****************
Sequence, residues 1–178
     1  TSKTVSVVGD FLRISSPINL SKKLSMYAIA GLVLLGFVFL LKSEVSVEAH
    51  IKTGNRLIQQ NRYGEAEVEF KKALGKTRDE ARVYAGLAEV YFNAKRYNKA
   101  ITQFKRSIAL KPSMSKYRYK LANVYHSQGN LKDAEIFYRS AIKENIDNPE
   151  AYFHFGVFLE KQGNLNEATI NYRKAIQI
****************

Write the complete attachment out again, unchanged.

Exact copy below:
Sequence, residues 1–178
     1  TSKTVSVVGD FLRISSPINL SKKLSMYAIA GLVLLGFVFL LKSEVSVEAH
    51  IKTGNRLIQQ NRYGEAEVEF KKALGKTRDE ARVYAGLAEV YFNAKRYNKA
   101  ITQFKRSIAL KPSMSKYRYK LANVYHSQGN LKDAEIFYRS AIKENIDNPE
   151  AYFHFGVFLE KQGNLNEATI NYRKAIQI